An absurdly premature assessment of the 2010 Cardinal.
If there was a single moment that Stanford "arrived" as an unlikely Pac-10 contender, it was probably when Richard Sherman took a fourth-quarter interception to the house to lock up a blowout win at USC last November. That happened just one week after the Cardinal pummeled the eventual conference champ, Oregon, behind 500 yards and 51 points. That breakthrough was three years in the making, from the moment the Cardinal went out on a limb to hire former NFL quarterback Jim Harbaugh — barely five years into his coaching career, none of them in Division I-A. Harbaugh was asked to lift them out of the tangled wreckage of a 1-11 crash in 2006 that might have been worse than the record suggests. After two-and-a-half years of tantalizing moments (see the 2007 upset at USC), the late-season run at the league crown — highlighted by the first sellouts at Stanford Stadium since its renovation from 85,000 to 50,000 seats in 2006 — felt like paydirt.
That momentum didn't entirely hold through the new year, thanks to losses to Cal and Oklahoma in the last three games and the constant speculation that Harbaugh is as good as gone when the right job opens up elsewhere. Through the first few months of 2010, though, Oregon has lost its star quarterback for the season, Oregon State has suffered unexpected attrition on defense and the still-reeling Trojans have abruptly overhauled the management, seemingly opening up the top of the Pac-10 to any and all comers. This time last year, Stanford as serious Rose Bowl hopeful wouldn't have seemed possible, but if the door is as open as it suddenly appears, it's impossible not to ask at this point: Why not Stanford?
What's Changed. Human Brinks truck Toby Gerhart carried the ball more times last year for more yards than anyone else in college football, personally accounting for well over a third of the total yards from scrimmage by the Pac-10's best offense. Gerhart's bruising consistency gave the Cardinal unusual balance (218 yards per game rushing, 209 per game passing) and made life extraordinarily easy for quarterback Andrew Luck. The redshirt freshman attempted fewer passes than any other regular starter in the conference, was sacked fewer times and — in a stunning coincidence — also finished with the highest pass efficiency rating.
Luck is a big (6-4/235), gifted, prototype pocket slinger clearly bound for heavy-breathing praise from draftniks as early as this winter, especially for his big-play arm (he averaged nine yards per attempt in '09 despite a mediocre completion percentage, or almost 16 yards per completion, both among the best numbers in the country). Much of that success came as a result of play-action and flea flickers when Gerhart was rolling, though, so it seems almost inevitable that the big-play frequency and overall efficiency will fall without the benefit of anything approximating a Toby-like presence to consume defenses' attention and keep the down-and-distance in Luck's favor. The top returning rushers, sophomores Stepfan Taylor and Tyler Gaffney, have good size and some promising recruiting hype, but almost certainly will not be mistaken by anyone for thundering Heisman finalists.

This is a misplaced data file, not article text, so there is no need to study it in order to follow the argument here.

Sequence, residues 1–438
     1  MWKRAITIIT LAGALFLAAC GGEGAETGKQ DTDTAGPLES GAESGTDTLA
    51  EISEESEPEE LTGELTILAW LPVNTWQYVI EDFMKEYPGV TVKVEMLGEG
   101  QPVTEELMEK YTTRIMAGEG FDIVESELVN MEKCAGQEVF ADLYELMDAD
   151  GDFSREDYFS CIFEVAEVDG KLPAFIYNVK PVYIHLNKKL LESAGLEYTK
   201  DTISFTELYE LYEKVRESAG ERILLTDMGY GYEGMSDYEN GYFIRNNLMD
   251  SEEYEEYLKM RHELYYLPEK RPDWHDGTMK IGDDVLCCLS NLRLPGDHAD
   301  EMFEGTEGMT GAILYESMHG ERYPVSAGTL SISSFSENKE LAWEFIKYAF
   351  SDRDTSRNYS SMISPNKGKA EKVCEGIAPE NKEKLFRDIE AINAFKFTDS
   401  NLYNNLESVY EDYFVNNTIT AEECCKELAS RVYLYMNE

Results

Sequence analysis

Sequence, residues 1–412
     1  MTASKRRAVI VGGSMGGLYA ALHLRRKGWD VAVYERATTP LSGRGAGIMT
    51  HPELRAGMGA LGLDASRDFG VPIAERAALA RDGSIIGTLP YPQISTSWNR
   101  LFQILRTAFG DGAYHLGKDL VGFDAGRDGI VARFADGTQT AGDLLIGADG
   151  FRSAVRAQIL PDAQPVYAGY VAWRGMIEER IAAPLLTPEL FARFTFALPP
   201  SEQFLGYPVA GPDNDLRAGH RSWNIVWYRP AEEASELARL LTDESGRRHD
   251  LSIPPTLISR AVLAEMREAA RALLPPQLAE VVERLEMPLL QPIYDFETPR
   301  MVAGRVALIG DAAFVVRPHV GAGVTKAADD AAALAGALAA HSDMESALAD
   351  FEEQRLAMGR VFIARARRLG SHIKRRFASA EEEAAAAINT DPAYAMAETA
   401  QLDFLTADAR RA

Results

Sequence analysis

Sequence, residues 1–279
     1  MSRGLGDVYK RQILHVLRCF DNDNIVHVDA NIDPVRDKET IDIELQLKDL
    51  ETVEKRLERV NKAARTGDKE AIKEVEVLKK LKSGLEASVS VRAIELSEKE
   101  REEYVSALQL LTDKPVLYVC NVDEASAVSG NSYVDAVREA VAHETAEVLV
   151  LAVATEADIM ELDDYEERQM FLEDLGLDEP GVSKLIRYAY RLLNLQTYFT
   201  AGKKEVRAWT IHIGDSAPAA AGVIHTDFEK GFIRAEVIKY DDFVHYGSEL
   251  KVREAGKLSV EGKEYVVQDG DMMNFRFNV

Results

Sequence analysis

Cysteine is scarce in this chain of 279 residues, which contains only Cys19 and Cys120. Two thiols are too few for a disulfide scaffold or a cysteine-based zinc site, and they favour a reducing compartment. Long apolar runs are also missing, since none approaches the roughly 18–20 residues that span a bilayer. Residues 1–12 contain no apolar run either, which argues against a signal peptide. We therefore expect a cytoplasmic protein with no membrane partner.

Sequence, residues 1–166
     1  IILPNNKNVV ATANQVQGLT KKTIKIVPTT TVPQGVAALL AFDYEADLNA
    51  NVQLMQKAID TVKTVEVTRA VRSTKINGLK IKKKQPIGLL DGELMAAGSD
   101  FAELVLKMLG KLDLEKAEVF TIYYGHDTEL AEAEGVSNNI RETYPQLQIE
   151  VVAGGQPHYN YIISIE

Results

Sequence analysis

Luck should be a better "fantasy" quarterback in his second season, if you're into that sort of thing. His total yards and touchdowns are bound to rise as the run/pass ratio moves closer to 50:50. His interceptions and sacks will likely rise, and maybe some frustration during rockier moments, when Luck looks more like a sophomore adjusting to his expanded role than a potential All-American. The challenge of the transition to a Luck-based attack will be somehow keeping the quarterback comfortable in the pocket, keeping play-action viable and keeping the receivers in favorable match-ups downfield, even as defenses are better prepared to handle all of the above.
What's the Same. Fortunately for Luck, the rest of the offense seems pretty well-equipped on at least two of those fronts: Four starting linemen return, as do both of the top receivers, Ryan Whalen and Chris Owusu. Owusu is the resident deep threat (second in the Pac-10 at 18.4 yards per catch) who also doubles as a dynamic kick returner.
Far more than the receivers, though, the veteran line will make or break the conference title run. The only loss, All-Pac-10 tackle Chris Marinelli, is a big one, but otherwise this is the same group of colossal gentlemen that paved the way for the most productive rushing season in school history and didn't allow more than one sack in any game. A repeat performance up front should guarantee even a mediocre rotation in the backfield at least two-thirds of last year's production on the ground, which should still be enough to allow Luck to grow and prosper at the expected rate.
Albatross. The defense was a mirror image of the offense: Below average against the run, abysmal at creating pressure in opposing backfields, vulnerable to the big play in the secondary while making precious few of their own. Six times in the final eight games, Stanford was bombed for at least 450 yards. Oregon State, Arizona, Oregon, California, Notre Dame and Oklahoma averaged almost 38 points against the Cardinal and accounted for four of their five losses (all in games in which the offense/special teams scored at least 27, no less). In that context, the departure of four top veterans — Bo McNally, Clinton Snyder and Ekom Udofia, all four-year starters, and linebacker Will Powers — doesn't exactly conjure any thunderclaps of anxiety.